Jesus in the scripture points out three common ways we blow it. The irresponsible manager, first of all, mistreats others, and not just any "others", but those who he is responsible to lead.
My two year old, Eli, is a champion tantrum thrower. He throws himself on the ground, screams his head off, kicks and screams... anything to get his own way. I hope he outgrows that stuff, but I've been around long enough to know that always doesn't happen. I've seen people, in and out of the church, scream, yell, guilt, lie, cheat, and bully others into getting what they want. Maybe in the end they felt like the ends justified the means or that everyone else was just too stupid or slow to understand what was best for them... I don't know. All I do know is that after they stopped screaming, my esteem for them lessened about two or three percent. And if they act that way too many times, in too many venues, whether they know it or not, they are less respected than they are feared or even disliked. People might explain away their behavior with "that's just ______ being blank", but really, is that how you want to be known? The guy you'll bully somebody to get what he wants or the woman who's always playing games or creating drama to manipulate others? When we allow our emotions, particularly anger or fear, to dictate our behavior we're acting as if the Master, at best, will let this slide, and at worst, will let us do what we want.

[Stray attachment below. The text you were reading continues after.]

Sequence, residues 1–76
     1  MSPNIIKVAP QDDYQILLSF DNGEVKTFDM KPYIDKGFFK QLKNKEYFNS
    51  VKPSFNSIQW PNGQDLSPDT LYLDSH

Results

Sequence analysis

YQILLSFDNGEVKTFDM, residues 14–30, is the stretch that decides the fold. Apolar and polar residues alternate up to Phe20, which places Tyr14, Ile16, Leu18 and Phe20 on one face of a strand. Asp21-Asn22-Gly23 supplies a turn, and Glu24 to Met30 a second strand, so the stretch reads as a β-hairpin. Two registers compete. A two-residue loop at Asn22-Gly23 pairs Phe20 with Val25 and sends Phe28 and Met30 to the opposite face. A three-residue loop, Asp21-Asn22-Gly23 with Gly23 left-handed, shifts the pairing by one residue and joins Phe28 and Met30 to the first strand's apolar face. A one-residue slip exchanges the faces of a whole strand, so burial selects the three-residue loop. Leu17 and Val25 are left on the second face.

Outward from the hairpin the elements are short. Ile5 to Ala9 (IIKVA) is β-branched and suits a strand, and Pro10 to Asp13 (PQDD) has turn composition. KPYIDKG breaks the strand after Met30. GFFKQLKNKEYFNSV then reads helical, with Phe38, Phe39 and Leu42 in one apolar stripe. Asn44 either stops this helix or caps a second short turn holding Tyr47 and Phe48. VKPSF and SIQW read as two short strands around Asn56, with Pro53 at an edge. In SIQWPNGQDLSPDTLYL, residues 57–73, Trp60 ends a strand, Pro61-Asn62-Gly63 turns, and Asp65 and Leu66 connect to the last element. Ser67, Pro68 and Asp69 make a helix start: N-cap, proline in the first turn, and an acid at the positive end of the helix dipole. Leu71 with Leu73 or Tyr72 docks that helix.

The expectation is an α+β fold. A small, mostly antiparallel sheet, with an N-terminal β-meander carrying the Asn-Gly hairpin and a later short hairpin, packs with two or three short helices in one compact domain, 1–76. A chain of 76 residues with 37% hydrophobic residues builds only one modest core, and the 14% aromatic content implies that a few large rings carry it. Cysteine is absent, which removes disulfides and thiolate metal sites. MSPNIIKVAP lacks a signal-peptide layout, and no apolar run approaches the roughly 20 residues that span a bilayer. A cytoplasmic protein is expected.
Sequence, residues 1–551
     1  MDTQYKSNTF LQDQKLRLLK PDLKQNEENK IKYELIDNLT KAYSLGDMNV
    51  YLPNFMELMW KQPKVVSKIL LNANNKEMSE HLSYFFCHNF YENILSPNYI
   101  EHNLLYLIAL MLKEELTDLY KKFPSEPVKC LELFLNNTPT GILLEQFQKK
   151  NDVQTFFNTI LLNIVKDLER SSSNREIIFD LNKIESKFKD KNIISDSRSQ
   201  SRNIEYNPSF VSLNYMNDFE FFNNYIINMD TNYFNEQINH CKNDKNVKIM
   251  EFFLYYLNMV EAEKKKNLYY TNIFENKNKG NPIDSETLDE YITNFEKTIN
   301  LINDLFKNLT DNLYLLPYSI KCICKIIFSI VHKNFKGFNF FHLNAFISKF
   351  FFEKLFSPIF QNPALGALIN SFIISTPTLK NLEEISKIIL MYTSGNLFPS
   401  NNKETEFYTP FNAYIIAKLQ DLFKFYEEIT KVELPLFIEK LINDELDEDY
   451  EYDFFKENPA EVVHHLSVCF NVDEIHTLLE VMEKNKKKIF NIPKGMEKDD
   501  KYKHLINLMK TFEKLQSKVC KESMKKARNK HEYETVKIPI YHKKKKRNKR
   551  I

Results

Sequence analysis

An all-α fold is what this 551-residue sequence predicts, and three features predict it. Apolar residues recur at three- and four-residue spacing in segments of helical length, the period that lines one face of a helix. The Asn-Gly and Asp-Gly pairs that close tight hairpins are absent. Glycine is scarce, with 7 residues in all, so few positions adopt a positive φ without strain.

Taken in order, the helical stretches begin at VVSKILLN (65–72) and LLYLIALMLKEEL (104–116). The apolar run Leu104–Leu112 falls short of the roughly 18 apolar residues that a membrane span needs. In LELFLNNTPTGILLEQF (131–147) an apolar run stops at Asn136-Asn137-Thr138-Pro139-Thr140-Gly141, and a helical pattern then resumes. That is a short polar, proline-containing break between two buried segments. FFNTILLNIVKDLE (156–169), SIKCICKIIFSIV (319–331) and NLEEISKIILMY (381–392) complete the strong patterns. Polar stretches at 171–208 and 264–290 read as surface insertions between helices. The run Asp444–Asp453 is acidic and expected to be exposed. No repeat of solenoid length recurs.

The bar is set a bit higher than that in Jesus' world.
Second, reason goes out the door when we use what we've been loaned by God to solely serve our own ends.
In the words of Jesus, it was the manager throwing a party in the master's crib, on the master's dime. God didn't give you gifts, talents, and abilities to simply make sure you ended with that pool table you always wanted. Call what I'm giving your right now a guilt trip if you want, but surely the investment God has made in us should pay off a little higher than some money in a collection plate, $20 a month to the United Way, and three boxes of Girl Scout cookies. I'm not talking about giving more money away to non-profit groups that make a community more livable. I'm talking about the end product of your resources. What are you investing yourself into? What is the net result that you wish to see of your labor?